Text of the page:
LAFAYETTE — Nearly 50 percent of the 4-year-olds who applied received seats in foreign immersion and arts and technology focused preschool classes.

At least 110 students are on waiting lists for a spot in the Schools of Choice program’s specialized preschool classes after a computerized lottery held Monday filled the 100 available spots.

Parents who didn’t attend Monday’s lottery will receive notification letters later this week, said Angela Simoneaux, Lafayette Parish school system marketing and student recruitment coordinator.

Districtwide, preschool classes are offered at eight Lafayette Parish schools to more than 800 students.

Applications are required for the regular preschool classes, as well.

However, priority is given to students who qualify for the LA 4 program — the state’s publicly funded preschool program that targets low-income students.

Last year, of the 826 4-year-olds enrolled, 760 qualified as low-income students.

Parents have already been notified if their child was selected for a spot at the regular preschool sites, and waiting list notices for those sites will be sent out this week, said Christine Duay, Early Childhood program supervisor.

Because interest typically exceeds availability, a computerized lottery system selected students for the Schools of Choice classes.

At least 58 students applied for the 20 spots available at Prairie Elementary in French immersion, 22 applied for the 20 spots available in Spanish immersion at Alice Boucher Elementary and 130 applied for the 60 spots available at J. Wallace James Elementary in the three arts and technology focused classes that will be offered.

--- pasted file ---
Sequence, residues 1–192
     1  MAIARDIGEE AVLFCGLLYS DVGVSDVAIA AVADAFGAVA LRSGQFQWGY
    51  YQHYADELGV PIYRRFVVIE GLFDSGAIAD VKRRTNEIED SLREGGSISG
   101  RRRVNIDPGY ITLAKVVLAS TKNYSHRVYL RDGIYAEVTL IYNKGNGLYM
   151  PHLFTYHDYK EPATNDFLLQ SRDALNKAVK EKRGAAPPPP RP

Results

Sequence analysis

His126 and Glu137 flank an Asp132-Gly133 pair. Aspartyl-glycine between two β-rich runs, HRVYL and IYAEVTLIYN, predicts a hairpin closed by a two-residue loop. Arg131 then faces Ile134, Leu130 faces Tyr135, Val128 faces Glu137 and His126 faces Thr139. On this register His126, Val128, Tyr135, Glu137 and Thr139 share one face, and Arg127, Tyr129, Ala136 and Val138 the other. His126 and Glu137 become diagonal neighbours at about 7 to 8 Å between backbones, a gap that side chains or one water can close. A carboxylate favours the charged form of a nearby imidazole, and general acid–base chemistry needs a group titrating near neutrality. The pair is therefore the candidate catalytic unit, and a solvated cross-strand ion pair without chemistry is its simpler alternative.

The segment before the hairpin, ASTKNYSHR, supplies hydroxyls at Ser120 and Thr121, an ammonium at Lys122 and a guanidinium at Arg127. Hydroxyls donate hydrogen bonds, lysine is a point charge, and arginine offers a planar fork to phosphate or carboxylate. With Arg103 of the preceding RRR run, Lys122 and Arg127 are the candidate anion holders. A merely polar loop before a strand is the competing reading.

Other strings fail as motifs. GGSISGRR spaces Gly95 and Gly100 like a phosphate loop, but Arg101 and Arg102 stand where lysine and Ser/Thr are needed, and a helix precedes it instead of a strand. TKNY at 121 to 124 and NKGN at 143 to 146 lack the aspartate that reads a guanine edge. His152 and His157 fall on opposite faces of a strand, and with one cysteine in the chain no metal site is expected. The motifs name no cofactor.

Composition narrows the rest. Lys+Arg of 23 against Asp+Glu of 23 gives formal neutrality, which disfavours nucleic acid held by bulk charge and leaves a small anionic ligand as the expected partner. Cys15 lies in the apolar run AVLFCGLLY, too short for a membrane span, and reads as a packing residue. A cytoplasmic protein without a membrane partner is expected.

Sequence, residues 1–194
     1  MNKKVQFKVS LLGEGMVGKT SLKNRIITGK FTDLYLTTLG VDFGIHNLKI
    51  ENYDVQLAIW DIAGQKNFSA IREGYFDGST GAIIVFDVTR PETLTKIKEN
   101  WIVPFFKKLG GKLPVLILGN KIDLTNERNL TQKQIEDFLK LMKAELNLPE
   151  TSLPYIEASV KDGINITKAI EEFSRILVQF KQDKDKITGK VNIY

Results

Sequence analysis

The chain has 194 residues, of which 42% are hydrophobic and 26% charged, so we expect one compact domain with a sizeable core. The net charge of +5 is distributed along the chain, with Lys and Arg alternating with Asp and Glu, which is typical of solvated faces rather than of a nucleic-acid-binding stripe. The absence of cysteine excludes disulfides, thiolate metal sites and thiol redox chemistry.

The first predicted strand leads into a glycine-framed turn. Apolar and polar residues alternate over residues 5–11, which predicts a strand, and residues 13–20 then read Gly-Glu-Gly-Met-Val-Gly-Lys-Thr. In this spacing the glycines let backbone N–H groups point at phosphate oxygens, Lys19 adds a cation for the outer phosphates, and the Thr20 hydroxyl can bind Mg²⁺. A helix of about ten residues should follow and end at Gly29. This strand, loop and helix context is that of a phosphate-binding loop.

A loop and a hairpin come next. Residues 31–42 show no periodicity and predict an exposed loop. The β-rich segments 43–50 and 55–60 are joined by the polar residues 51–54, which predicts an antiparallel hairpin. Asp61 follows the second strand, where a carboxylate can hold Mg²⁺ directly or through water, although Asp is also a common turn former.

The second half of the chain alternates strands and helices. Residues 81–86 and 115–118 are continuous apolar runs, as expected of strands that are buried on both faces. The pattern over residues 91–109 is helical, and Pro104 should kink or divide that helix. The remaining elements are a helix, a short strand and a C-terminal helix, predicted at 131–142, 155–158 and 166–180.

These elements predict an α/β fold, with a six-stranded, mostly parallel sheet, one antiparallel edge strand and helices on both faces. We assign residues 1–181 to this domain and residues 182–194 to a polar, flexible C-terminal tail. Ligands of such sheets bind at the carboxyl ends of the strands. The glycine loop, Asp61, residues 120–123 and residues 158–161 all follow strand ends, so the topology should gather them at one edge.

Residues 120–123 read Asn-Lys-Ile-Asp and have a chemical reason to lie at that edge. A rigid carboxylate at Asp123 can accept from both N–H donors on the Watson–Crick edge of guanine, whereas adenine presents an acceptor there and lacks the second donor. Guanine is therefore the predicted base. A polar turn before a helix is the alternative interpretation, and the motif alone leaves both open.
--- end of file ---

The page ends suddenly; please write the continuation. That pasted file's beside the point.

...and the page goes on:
The limited number of spots was discouraging for parents like Kellie Boudreaux and Moussa Sadou.

Boudreaux’s daughter, Kynley, is one of 70 on the waiting list for J. Wallace James Elementary. She said she had hoped her daughter would have an extra year of public school to better prepare for kindergarten.

“It’s frustrating because we’re willing to pay,” she said. “Either I pay there or I pay for day care.”

Parents who don’t meet the income eligibility requirements for the public preschool program are charged tuition, which was increased by $45 this year to $375 a month.

Sadou’s daughter is number 12 in line for a spot in the French immersion program at Prairie. However, she does have a spot at Truman Montessori, the district’s wall-to-wall preschool.

Sadou, a French immersion teacher at Evangeline Elementary, said while he feels fortunate that she got into preschool, his preference was French immersion. He said he wasn’t hopeful that she would advance on the waiting list.

“I don’t think enough people will drop,” he said. “People like the program.”

And once you get a spot in the select track of Schools of Choice study, you’re guaranteed a spot as you advance from grade level to grade level.

After Monday’s lottery, Amy Muffoletto now has a third child at J. Wallace James.

“I have a second-grader and fourth-grader there already,” she said.

Her daughter — now a junior at Lafayette High’s Performing Arts Academy — started in the Schools of Choice track at J. Wallace James Elementary.

“It gives them great opportunities,” Muffoletto said of the Schools of Choice programs.

Retired teacher Edith Carmouche shared her giddiness after her grandson Treylon was selected for a spot at J. Wallace James.

“I’m excited. This is the last of the crop,” she said of her youngest grandson. “There’s so much for him to learn. There’s so much for him to explore.”

The Pre-K Schools of Choice lottery is typically held earlier — but funding issues stalled registration and student placements.

Last month, the School Board sidelined a tax proposal that would have funded universal access to preschool. Board members cited the timing of the preschool tax — which could have been on the same ballot as a bond and tax proposal to fund the facilities’ master plan.